Cost impact of Palliative Care – how do cost types change after a Palliative Care intervention
M. Hagemann1, S. Zambrano1, S. Eychmüller1 (1Bern)
A considerable number of studies demonstrate that Palliative Care (PC) programs improve quality of care at the end of life compared to disease modifying treatment alone. However, there is a lack of data with respect to the economic impact of routinely integrating PC in end of life hospital care.
The objective of this analysis was to identify individual cost drivers of PC and to quantify their effects on hospital costs.
We performed a retrospective analysis examining cost and medical data from the last hospitalization of patients who died at a Swiss University hospital. Data originate from seven different databases including information about administrative and patient data, inhospital movement, used rendered services and items, costs per patient including medication data from regular, emergency, and ICU wards. Based on these, we constructed a cost matrix that allowed us to break all incurred costs into different cost types such as pharmacy, laboratory, staff, catering, patient management and room costs. We then compared the costs of a patient’s pre and post PC intervention hospital stay as well as investigated the role of the timing of PC interventions. P-values were calculated using the bias-corrected point estimate and the bootstrap standard errors with a normal approximation.
The analysis revealed that overall total hospital costs as well as costs per day increase after a patient receives a PC intervention. Whereas specific cost types such as catering, room and patient management costs (patient related costs) increase significantly after a PC intervention, other cost types such as laboratory, material and pharmacy (diagnostic related) decrease.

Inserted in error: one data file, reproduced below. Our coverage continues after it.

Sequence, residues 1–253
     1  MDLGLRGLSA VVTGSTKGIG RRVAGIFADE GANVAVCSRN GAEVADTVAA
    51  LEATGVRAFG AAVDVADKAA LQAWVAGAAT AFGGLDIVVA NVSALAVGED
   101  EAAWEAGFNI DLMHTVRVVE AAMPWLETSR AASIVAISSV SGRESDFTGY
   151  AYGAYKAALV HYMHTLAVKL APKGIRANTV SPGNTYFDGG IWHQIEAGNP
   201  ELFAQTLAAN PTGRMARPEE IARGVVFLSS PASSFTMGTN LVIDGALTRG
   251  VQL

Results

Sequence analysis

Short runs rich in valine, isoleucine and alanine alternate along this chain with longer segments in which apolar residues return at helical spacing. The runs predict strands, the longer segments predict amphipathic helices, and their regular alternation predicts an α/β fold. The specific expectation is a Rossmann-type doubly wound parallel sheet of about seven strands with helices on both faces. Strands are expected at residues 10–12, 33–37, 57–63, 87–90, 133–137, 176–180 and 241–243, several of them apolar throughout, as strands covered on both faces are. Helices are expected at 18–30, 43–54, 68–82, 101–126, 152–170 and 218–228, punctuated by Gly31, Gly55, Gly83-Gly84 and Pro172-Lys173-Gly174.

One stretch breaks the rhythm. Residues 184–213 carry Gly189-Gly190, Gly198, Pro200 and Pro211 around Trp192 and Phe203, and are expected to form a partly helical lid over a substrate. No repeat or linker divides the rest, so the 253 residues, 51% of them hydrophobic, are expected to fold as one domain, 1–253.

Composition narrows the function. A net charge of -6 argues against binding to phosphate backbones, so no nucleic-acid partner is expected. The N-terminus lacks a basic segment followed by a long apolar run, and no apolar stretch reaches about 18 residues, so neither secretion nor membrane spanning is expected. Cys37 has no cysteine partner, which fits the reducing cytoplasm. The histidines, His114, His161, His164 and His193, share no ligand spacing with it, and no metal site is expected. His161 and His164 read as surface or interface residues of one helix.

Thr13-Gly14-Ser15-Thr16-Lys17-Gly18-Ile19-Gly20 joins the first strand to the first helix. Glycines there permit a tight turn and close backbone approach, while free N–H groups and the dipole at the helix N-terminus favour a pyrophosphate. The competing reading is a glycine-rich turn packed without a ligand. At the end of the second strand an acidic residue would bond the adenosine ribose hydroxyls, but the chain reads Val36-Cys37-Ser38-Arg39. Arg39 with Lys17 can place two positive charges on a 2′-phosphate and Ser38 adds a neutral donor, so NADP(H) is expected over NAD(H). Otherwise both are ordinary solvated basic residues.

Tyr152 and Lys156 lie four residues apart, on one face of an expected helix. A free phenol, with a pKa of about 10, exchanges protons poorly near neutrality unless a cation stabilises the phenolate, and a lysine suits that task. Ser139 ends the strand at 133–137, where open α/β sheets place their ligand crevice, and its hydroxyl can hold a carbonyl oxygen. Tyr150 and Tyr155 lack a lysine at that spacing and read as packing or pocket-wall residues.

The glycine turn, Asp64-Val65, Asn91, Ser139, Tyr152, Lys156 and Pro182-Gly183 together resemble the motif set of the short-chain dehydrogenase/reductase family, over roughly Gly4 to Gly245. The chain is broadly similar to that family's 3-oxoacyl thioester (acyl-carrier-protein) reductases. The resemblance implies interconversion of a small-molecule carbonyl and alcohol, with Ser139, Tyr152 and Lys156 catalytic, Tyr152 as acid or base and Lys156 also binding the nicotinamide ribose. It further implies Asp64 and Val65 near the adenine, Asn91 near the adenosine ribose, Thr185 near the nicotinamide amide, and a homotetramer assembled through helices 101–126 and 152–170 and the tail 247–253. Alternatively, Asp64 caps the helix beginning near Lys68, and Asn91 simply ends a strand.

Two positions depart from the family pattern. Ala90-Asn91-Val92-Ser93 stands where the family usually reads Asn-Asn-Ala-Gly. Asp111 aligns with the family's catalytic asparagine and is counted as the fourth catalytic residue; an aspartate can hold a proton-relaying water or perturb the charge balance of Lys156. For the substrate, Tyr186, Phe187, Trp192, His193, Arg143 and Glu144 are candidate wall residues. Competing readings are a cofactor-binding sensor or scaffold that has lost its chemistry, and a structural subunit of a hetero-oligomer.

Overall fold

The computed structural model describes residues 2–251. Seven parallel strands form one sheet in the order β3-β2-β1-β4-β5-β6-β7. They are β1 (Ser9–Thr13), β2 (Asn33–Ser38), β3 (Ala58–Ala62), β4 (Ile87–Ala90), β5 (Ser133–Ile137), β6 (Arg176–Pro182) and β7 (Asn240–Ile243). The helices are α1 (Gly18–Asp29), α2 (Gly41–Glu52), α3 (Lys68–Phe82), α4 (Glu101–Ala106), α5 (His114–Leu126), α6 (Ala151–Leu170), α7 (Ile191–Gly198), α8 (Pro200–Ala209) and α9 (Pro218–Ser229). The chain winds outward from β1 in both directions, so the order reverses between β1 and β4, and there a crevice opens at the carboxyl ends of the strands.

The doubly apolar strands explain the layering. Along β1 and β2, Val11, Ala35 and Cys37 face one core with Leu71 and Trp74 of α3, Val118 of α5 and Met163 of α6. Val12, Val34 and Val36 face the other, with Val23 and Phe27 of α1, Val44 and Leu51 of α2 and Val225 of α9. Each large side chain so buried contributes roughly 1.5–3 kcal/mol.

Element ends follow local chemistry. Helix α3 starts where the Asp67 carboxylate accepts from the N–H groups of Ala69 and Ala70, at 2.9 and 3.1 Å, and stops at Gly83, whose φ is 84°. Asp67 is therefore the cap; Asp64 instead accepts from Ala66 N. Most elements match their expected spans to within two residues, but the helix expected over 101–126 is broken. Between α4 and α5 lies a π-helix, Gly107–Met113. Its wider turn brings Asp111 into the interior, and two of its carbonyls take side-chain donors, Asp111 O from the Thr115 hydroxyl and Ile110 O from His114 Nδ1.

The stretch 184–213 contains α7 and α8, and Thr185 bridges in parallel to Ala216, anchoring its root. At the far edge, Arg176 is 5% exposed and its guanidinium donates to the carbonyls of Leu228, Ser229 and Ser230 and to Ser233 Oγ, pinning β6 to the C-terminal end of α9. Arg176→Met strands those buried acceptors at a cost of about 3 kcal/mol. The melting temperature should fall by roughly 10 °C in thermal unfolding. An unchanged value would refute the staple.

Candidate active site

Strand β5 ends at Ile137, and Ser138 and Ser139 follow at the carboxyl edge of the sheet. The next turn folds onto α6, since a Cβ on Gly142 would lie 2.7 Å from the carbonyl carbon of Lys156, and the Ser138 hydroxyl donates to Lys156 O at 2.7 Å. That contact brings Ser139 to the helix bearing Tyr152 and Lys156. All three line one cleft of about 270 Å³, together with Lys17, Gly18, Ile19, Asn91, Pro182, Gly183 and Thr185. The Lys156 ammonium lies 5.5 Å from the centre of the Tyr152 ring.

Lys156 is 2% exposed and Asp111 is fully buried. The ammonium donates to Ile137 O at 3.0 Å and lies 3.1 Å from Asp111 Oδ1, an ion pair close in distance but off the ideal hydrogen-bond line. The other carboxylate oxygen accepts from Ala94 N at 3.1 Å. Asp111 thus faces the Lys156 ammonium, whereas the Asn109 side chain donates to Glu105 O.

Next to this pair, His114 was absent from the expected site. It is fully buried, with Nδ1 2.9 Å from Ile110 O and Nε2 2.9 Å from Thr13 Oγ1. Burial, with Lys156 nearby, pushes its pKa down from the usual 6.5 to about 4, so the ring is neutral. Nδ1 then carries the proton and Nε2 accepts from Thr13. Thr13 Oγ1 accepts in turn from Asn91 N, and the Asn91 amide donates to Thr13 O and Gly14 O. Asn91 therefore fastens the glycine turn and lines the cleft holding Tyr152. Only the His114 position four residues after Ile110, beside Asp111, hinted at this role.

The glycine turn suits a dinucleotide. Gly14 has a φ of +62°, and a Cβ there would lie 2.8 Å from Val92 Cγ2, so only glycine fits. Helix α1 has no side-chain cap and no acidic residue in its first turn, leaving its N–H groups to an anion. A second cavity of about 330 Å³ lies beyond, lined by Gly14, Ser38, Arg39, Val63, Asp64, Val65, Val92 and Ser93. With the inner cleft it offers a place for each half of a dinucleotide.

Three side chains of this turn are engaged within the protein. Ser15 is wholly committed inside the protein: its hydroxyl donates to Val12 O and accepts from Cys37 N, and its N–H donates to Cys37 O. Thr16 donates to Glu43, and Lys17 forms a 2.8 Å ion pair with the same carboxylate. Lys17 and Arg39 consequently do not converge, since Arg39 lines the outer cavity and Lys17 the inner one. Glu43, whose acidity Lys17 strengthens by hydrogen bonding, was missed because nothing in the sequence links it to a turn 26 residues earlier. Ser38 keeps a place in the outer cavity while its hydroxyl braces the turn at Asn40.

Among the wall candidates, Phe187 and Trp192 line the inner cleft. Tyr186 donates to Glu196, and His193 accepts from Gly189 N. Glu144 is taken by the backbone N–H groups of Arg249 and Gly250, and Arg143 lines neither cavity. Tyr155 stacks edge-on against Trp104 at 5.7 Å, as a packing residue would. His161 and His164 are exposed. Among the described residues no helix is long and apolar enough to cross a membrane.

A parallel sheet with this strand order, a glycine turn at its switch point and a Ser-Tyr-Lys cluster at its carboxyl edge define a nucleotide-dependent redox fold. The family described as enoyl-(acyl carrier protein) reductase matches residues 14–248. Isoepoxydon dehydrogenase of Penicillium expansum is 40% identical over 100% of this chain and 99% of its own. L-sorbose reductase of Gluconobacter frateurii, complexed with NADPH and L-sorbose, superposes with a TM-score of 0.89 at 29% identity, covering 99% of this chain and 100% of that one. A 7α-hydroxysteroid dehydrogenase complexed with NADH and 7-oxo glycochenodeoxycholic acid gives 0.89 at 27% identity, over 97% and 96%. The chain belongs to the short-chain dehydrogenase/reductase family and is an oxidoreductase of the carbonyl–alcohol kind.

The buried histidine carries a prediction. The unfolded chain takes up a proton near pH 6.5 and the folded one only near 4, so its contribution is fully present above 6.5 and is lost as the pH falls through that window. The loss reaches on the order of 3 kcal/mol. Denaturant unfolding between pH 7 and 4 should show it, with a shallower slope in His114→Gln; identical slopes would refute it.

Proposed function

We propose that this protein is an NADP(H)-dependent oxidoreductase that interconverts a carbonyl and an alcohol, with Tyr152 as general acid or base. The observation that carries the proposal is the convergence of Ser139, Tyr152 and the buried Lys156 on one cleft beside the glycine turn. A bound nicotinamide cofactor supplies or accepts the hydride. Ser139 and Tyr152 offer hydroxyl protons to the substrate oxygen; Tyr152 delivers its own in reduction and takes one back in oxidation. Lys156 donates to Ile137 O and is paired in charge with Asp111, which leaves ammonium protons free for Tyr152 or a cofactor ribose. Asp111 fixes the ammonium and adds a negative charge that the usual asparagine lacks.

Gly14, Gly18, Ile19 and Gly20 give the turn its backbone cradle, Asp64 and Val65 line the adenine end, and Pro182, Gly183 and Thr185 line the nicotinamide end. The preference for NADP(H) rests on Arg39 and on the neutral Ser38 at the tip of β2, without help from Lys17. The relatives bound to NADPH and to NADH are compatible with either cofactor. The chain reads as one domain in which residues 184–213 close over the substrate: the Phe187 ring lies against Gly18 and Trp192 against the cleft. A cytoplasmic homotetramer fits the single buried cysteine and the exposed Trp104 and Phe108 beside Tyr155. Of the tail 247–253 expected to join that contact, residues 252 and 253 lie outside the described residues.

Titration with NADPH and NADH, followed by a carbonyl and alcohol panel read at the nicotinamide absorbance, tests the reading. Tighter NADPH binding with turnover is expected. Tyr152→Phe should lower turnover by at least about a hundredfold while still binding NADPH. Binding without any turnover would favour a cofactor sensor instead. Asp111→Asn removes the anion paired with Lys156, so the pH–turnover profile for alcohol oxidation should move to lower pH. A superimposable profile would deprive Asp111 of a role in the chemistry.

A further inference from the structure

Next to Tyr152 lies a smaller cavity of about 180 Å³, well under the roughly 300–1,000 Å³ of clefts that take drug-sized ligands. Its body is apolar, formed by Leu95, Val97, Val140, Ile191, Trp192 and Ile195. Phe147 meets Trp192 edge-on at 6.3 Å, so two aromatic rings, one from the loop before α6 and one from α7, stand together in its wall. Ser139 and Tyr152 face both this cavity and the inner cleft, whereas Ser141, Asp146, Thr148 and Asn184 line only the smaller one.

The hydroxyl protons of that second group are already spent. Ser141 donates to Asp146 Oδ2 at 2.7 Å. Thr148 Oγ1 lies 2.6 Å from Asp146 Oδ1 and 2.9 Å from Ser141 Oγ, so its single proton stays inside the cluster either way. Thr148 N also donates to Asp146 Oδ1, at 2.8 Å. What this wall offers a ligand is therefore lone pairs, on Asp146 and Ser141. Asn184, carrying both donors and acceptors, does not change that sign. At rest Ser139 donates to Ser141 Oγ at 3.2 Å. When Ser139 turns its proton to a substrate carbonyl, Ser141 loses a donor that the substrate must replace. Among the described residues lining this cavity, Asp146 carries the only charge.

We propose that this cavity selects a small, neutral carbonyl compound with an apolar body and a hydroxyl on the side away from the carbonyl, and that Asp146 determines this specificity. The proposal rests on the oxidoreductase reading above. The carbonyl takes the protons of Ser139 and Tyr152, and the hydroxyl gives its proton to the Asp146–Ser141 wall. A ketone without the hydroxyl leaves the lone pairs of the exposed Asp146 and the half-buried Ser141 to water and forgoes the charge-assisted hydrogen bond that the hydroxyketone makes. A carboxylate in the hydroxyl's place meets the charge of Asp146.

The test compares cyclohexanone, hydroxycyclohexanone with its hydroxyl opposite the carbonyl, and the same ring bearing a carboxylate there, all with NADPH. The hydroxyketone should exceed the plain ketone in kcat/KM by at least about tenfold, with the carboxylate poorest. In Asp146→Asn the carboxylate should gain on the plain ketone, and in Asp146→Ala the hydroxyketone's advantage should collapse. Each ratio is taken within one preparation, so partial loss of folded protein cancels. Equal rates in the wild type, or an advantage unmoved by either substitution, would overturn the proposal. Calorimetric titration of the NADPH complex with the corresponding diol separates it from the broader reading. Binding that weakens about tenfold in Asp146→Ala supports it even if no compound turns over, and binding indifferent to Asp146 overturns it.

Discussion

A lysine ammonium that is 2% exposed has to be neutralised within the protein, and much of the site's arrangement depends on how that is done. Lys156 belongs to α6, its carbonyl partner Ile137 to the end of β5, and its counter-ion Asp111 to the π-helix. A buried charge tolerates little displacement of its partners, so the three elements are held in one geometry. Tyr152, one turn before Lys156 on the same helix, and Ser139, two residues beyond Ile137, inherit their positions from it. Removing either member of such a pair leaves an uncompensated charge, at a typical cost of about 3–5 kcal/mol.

The results regarding the timing of PC intervention revealed that all cost types have lower costs when a PC patient receives a PC intervention during the first three days after hospital admission (“early PC patients”) compared to a “late PC patient” that receives a PC intervention after three days of hospital stay.
This analysis provides empirical evidence supporting decision-makers and management accountants of the cost avoidance potential of PC interventions from different cost perspectives. The results contribute to the literature comprehensive information on hospital cost drivers. PC does not reduce costs per se: diagnostic related cost types can be decreased, but this effect will be counteracted by the increase of patient related costs mainly due to the limited possibilities to discharge severely ill patients.